To the Editor.—
Dermatology is a specialty replete with a unique and magnificent (but often obtuse) descriptive phraseology, one which can either roll mellifluously off the tongue or tumble ignominiously from the lips. Most of its terminology is, however, usually quite precise and accurate for describing a visual image.I wish to point out an instance, however, in which a colorful descriptive term is used incorrectly when considered in a precise semantic sense. The word to which I refer is "festooning," used by many dermatopathologists to describe a pathologic finding in certain diseases (eg, epidermolysis bullosa simplex, epidermolysis bullosa dystrophica, bullous pemphigoid) in which naked dermal papillae project into a vesicular or bullous void where epidermal-dermal separation has occurred.1,2 "Festoon," from which festooning originates, is defined as "a garland or wreath hanging in a curve, which is used in decoration," according to Webster's New Collegiate Dictionary. This obviously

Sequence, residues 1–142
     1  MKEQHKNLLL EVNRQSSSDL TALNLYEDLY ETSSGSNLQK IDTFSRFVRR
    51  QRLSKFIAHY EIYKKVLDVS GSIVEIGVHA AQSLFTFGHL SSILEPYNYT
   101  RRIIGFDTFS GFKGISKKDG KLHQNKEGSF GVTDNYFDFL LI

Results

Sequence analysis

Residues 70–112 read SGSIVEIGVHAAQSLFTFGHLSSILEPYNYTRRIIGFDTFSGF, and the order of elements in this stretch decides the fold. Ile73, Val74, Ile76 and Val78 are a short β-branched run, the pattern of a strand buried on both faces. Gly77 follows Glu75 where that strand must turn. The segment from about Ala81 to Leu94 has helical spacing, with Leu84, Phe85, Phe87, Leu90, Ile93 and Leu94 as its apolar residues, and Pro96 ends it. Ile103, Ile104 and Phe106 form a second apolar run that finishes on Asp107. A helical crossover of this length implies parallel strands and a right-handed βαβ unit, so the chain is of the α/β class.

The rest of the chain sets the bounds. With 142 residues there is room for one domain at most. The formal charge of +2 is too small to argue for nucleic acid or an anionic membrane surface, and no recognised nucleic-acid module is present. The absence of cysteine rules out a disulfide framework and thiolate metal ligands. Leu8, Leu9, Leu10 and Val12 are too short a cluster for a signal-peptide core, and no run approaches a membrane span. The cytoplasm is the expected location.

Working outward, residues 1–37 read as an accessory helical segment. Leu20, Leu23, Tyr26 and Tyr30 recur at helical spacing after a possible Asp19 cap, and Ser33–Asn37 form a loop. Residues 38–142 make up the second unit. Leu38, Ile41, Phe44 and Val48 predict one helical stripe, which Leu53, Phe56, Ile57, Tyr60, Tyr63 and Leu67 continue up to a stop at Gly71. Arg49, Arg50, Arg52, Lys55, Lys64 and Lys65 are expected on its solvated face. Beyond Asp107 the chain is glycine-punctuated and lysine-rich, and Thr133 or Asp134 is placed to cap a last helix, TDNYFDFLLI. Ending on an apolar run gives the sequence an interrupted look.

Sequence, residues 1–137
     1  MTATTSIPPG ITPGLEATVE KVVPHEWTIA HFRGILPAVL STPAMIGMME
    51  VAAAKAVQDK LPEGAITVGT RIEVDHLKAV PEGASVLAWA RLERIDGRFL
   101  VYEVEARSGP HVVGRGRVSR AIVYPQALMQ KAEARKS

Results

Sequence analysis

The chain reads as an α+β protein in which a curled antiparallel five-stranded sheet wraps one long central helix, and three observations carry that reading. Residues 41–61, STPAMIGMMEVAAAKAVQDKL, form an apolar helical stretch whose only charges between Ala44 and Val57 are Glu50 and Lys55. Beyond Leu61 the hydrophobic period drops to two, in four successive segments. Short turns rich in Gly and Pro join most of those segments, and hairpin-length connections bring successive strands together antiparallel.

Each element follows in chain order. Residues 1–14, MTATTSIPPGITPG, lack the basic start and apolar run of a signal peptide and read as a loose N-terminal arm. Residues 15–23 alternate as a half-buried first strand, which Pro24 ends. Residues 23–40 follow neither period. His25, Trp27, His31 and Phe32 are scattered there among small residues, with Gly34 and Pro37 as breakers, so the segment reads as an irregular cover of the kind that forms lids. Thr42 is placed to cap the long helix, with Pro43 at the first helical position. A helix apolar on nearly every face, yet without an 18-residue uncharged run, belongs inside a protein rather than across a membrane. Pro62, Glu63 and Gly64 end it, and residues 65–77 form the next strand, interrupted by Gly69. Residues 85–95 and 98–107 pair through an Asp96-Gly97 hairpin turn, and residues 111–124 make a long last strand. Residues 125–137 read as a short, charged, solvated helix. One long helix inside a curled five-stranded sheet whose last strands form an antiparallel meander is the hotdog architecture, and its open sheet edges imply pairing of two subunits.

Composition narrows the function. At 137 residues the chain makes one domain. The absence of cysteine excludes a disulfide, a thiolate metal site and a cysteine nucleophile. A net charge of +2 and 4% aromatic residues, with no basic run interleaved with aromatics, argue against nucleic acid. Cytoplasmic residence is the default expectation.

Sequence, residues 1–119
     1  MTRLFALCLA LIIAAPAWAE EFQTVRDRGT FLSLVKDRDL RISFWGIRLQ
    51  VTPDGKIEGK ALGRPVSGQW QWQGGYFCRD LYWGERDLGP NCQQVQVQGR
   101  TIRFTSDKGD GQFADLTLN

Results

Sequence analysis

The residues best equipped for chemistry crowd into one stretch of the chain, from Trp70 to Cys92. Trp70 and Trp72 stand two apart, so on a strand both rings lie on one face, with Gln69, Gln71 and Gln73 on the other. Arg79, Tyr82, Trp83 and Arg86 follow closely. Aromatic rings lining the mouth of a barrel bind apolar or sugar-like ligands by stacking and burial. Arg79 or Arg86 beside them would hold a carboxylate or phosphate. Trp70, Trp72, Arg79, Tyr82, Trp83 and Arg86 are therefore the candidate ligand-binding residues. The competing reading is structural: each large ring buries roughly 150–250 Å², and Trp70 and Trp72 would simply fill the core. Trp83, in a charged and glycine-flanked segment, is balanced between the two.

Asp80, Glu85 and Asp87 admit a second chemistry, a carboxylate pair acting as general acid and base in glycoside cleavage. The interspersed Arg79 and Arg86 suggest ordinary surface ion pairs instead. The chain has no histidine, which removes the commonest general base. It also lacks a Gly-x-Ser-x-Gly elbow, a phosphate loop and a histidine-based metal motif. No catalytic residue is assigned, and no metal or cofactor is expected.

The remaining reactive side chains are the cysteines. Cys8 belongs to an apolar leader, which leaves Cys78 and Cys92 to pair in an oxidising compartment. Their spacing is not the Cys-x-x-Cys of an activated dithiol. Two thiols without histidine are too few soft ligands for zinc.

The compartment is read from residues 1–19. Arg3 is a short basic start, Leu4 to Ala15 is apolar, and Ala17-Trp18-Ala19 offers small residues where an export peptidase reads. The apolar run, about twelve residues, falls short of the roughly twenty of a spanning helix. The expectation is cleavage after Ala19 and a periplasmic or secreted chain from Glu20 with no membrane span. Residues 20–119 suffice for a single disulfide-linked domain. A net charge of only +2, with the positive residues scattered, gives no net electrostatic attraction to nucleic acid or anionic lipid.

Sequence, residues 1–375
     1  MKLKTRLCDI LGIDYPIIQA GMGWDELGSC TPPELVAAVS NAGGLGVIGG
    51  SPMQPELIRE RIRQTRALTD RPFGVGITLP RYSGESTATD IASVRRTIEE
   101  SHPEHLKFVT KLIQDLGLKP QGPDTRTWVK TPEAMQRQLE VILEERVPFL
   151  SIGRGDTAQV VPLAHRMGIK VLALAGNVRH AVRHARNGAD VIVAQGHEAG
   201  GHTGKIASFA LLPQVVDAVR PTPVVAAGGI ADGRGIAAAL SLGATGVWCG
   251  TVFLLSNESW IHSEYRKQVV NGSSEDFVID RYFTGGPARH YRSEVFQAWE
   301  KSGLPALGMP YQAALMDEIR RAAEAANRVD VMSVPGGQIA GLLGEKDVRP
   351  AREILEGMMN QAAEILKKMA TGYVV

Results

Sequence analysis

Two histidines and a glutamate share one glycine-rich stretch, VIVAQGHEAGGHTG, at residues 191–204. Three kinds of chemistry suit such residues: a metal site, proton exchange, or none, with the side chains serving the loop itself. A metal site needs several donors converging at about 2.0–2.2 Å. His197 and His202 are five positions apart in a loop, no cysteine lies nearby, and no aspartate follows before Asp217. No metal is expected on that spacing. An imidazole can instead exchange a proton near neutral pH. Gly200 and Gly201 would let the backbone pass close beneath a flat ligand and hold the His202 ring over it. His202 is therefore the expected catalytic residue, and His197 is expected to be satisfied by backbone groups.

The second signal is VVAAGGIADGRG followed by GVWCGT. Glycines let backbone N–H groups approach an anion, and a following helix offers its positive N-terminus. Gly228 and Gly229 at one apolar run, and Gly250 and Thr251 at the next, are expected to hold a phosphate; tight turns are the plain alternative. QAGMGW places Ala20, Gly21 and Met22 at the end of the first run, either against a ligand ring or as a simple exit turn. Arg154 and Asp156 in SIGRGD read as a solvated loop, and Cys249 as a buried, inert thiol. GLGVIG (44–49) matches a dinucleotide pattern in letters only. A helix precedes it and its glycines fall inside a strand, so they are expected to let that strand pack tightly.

Rudolph RI. Festooning or ``Crenulation''?. Arch Dermatol. 1973;107(5):775–776. doi:10.1001/archderm.1973.01620200081029
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